I’ve been stalled on a draft of this piece for some time, but Amy Bruckman’s recent post provided the catalyst I needed to finish it up. She hypothesizes that “the future of universities is excelling at everything a MOOC is not.” Clearly universities can excel at activities that require students to be near each other and near professors, such as lab classes, motivating students by getting in their faces, and providing an environment for all of the extracurricular activities that make college such a great place to spend four or five years. A small set of universities such as Harvard also excels as an input filter and as a networking playground for the elite.
MOOCs—done right—should be able to improve upon the big lecture courses that all freshmen and sophomores suffer through at research universities. Even if MOOCs don’t produce better learning (they will be awesome for math and CS and physics, probably not so much for history or English) they are at least very cheap. So Bruckman is basically painting an idyllic picture where the students escape from the big lecture classes and also receive an improved amount of individual attention from instructors. From the professors’ side, we get to do the part of the teaching job that we enjoy and are good at: interacting with smaller groups of students via discussions, team work, and lab work.
But this vision has a problem: the big lecture classes bring in a huge amount of tuition relative to the costs of running them, whereas small classes taught by well-paid professors are not at all economical. See my previous post on this topic and consider that my department chair recently reminded the faculty about a long-standing (but apparently as-yet unenforced) policy that any undergraduate class with fewer than 15 students is subject to cancellation. Part of the problem is that R1 universities have evolved a system where professors have light teaching loads. For example, each year I am required to teach one big class, one medium class, and one small class; this is typical for a CS professor at a research school. In the small class, and probably in the medium class, I’m confident that I can do a much better job than a MOOC, but this is probably not the case for the large class. When I started teaching I didn’t mind the big classes and was in fact happy about the opportunity to reach lots of students at once. For various reasons, I’ve soured on these classes.
The point is that if large lecture classes are replaced by MOOCs, universities face a revenue collapse that will force a major restructuring. This could result, for example, in people like me being asked to cover a larger fraction of our salaries from grants. That is, the university could save money by covering only 50% or 25% of our salaries instead of the current standard arrangement where it pays 75%. Another possibility is that many professors are let go while others face much larger teaching loads. According to my university’s regulations, “A faculty member with tenure may be terminated or given a renewal contract with a substantially reduced status because of financial exigency”—which is what would happen following a revenue collapse. I think all universities have an analogous clause. Either of these changes would represent a major turn for the worse in American academic research. A third possibility is that universities will charge students to take credit hours obtained through a MOOC and count them towards a degree. This seems doubtful to work in the long run, but I’m guessing it is precisely what most of the universities allying with Coursera are hoping to do.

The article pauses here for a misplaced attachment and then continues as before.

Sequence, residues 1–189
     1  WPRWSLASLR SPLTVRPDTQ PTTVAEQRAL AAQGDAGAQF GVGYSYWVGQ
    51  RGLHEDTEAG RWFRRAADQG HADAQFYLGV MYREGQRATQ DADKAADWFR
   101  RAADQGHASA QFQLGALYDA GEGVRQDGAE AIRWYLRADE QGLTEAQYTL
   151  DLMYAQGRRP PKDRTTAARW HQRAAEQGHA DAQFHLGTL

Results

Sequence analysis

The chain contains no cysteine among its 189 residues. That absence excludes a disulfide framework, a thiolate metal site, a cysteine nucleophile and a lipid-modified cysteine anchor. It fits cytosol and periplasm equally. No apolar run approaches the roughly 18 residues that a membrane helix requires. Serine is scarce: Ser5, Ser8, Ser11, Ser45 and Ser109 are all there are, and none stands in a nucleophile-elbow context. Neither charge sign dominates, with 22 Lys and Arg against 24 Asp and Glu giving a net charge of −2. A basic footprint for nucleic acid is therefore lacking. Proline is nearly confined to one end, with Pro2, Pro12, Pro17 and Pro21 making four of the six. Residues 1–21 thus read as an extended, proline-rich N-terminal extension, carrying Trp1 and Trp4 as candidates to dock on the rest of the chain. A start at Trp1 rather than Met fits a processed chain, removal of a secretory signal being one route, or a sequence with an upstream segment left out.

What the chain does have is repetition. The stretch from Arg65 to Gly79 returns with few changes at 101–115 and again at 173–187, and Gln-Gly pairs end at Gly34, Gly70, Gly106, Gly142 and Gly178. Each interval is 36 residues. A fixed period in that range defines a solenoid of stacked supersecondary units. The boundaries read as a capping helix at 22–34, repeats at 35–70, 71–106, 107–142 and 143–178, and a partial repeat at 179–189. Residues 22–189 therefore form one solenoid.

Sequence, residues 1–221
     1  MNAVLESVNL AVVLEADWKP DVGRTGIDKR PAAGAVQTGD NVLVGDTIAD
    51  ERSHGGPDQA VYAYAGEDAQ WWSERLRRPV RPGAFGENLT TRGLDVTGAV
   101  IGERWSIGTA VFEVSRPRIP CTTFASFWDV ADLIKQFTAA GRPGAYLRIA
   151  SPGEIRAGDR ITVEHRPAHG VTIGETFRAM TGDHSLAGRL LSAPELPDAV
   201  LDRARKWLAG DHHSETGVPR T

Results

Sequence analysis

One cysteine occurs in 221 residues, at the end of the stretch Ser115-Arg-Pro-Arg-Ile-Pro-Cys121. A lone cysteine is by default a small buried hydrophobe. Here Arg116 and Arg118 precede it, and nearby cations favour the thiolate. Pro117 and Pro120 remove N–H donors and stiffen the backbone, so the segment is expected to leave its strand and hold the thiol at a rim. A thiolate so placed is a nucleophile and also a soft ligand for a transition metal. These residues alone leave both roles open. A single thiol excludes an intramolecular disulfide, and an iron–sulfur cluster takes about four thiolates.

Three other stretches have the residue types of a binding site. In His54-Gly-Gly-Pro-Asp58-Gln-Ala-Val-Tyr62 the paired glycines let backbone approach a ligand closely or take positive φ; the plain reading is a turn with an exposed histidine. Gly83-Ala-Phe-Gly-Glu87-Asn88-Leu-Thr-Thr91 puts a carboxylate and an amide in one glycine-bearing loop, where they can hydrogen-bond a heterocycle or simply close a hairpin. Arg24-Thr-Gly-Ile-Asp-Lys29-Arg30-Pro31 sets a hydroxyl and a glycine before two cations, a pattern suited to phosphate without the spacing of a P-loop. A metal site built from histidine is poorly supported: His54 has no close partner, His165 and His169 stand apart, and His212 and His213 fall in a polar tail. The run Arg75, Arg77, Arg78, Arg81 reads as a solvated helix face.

Some small college classes are extremely good and can even change people’s lives. These can’t be replaced using any foreseeable technology. On the other hand, large classes need to go. I loathed them as a student and despise them as an instructor. It’s very difficult to do a good job as a teacher, and in practice some significant fraction of the students students slips through without any reasonable mastery of the material. Combined with high tuition, this is a bad combination. The questions are: How to fix these classes and how to avoid throwing out the baby with the bathwater?